Invest in entry-level training
Skilling isn’t just for school. Your organization can invest in upskilling youth through mentorship, training and more – and even commit to making entry-level jobs easier for youth to secure.
Young people need a full range of skills for the future of work and life. Yet around 3 in 4 youth today lack the skills needed for employment.
Access to a full range of skills is life-changing for youth and their communities. Five types of skills are central to young people’s futures: foundational, digital, entrepreneurial, transferable and job-specific.
Your organization can champion and support the development of these skills so that young people can engage fully with opportunities to learn, earn and thrive.
Steps you can take
Your organization and its people represent an invaluable resource for the skilling of today’s youth. And you can give young people a helping hand when they start to actively seek employment.
Dedicate employee hours to mentoring youth
Young people can benefit hugely from your employees’ experience. It can be inspiring and incredibly helpful for youth to hear insights from a mentor who has achieved success in their chosen career.
Enabling your people to act as mentors can also be a good way for your organization to improve employee engagement.
You can invite career-minded employees to get involved in mentoring youth, whether in person or online. Mentors should be good listeners as well as effective communicators.
Your organization’s input can help to boost interest in sectors with skills gaps. And knowing what careers are likely to be available to youth in future can help them tailor their skilling journey to match.
Being a mentor involves giving out practical tips as well as career guidance. Direct your employees to skilling resources that can help the young people they support progress towards their career goals.
Provide free access to job-specific skills content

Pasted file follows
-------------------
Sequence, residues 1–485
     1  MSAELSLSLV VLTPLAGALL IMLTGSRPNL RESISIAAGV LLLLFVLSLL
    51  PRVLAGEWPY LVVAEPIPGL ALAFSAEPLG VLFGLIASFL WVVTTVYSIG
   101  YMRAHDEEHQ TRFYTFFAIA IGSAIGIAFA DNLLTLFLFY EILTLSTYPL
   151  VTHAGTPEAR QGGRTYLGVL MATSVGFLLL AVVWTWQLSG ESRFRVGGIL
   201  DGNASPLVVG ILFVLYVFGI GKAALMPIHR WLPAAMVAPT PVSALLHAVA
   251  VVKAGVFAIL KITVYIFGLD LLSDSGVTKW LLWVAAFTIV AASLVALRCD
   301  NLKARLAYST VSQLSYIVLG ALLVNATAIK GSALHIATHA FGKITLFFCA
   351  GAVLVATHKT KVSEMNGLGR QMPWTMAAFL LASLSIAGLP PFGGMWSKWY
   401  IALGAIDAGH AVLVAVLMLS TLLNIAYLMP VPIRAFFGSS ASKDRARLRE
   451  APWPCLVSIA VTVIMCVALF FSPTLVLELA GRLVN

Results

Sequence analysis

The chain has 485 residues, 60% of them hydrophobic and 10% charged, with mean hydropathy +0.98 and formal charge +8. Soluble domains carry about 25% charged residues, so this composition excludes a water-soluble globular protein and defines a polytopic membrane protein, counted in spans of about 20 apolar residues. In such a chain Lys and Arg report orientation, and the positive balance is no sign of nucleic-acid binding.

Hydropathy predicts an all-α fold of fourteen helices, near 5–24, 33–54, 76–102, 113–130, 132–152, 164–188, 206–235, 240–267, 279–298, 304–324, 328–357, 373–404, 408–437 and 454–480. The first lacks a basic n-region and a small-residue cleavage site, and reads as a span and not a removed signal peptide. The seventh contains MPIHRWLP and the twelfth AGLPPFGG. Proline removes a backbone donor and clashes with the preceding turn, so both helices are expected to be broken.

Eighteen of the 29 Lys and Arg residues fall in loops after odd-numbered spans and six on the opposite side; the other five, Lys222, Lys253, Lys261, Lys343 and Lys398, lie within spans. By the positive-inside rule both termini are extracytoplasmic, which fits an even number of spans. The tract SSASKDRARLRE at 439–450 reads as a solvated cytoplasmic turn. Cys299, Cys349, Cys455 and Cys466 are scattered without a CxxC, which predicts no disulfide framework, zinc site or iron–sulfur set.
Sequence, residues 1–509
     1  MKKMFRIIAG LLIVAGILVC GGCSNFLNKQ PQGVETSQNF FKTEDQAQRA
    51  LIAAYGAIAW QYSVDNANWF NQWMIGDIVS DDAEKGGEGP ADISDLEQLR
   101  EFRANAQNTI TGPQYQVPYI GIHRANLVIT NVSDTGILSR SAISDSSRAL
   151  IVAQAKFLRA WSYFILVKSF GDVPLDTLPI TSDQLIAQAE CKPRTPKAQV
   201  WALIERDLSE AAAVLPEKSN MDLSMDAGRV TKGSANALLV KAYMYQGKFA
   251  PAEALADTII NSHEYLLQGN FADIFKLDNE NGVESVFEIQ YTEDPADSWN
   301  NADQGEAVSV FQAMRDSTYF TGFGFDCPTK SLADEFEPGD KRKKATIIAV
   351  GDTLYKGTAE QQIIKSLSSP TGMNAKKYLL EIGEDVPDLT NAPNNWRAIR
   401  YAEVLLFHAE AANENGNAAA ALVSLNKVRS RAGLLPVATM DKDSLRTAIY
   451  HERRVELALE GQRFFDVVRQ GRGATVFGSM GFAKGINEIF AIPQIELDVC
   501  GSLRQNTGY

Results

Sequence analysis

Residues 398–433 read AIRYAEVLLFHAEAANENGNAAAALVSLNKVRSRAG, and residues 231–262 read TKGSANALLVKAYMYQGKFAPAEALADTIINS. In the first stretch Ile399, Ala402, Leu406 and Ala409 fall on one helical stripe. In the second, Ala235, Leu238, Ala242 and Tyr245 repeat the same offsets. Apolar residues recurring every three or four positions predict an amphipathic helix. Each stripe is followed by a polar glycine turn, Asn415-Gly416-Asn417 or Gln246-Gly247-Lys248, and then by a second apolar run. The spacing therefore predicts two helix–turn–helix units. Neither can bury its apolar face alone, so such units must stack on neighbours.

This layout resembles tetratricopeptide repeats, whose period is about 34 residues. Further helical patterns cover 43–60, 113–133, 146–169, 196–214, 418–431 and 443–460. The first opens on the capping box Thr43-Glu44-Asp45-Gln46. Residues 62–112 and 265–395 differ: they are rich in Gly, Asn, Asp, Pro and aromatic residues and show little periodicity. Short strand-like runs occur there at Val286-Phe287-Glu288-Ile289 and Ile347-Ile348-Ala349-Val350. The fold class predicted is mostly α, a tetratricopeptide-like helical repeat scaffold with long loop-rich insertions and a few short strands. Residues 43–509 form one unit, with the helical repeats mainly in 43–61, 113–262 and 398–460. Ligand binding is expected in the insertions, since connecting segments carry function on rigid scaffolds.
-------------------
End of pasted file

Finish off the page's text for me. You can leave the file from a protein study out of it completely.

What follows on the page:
Your in-house training materials – or a simplified version of them – could help to give young people the skills they need to pursue specific roles.
Making your job-specific skills content available online is a great way to support all youth, but especially young people not in formal education.
It’s also a chance to connect a potential pipeline of newly skilled youth to job opportunities in your organization. You can shape their skill development to match your future workforce needs.
Passport to Earning is an e-learning solution for young people in India who are looking to gain relevant twenty-first century skills.
To support skill development among African youth, you can register your organization with Yoma.
Or find out about partnering with the RLabs Making Hope Contagious initiative, which aims to boost young people’s skills, training, and economic empowerment.
Run job-specific training programmes
Your organization can also share its expertise with young people by running job-specific training programmes.
One such initiative is the Girls’ Education Skills Partnership – comprising the UK Government and global businesses – which will train 1 million girls and women aged 13–24 years. Its focus is skills to promote young women’s success in the fields of science, technology, engineering and mathematics.
Public and private organizations can get behind initiatives to offer internships or apprenticeships in house. You could also provide job shadowing experiences and scholarships.
Investing now in young people’s skilling journeys will deliver you a trained and productive workforce in years to come.
Help young people start an enterprise
By giving young people the chance to engage in entrepreneurship, your organization can lead the way in investing in entrepreneurial skills.
By 2027, 60 per cent of the global workforce will be self-employed. So it’s vital to give youth the skills to navigate their own livelihood pathways.
Your organization can work at scale by supporting GenU’s imaGen Ventures Youth Challenge. Your investment will contribute seed funding and incubation and mentoring support for the winners.
Since its launch in 2018, imaGen Ventures has given more than 15 million young people in over
60 countries access to entrepreneurial skill-building opportunities. It’s also supported more than
51,000 young people to turn entrepreneurial ideas into social impact.
Another example of supporting entrepreneurial skilling is the public-private initiative Mamelodi Business Hub. This gives young people in South Africa a space to hone their entrepreneurial skills.
Lower the barriers to entry
To help young people who are actively looking for employment, your organization can lower the requirements for securing entry-level positions.
Equality of opportunity for young people is still very far off. Until we achieve that, it can help to be flexible about the need for formal qualifications for some roles.
Instead, look for ‘micro-credentials’ (for completion of short courses and training) and non-standard certificates. There are all sorts of routes to attaining skills, and finding those routes is often an achievement in itself.
As an employer, you can have a huge impact on preparing today’s young people for the future of work. Engage in mentorship, training and more, and reconsider your requirements for new hires.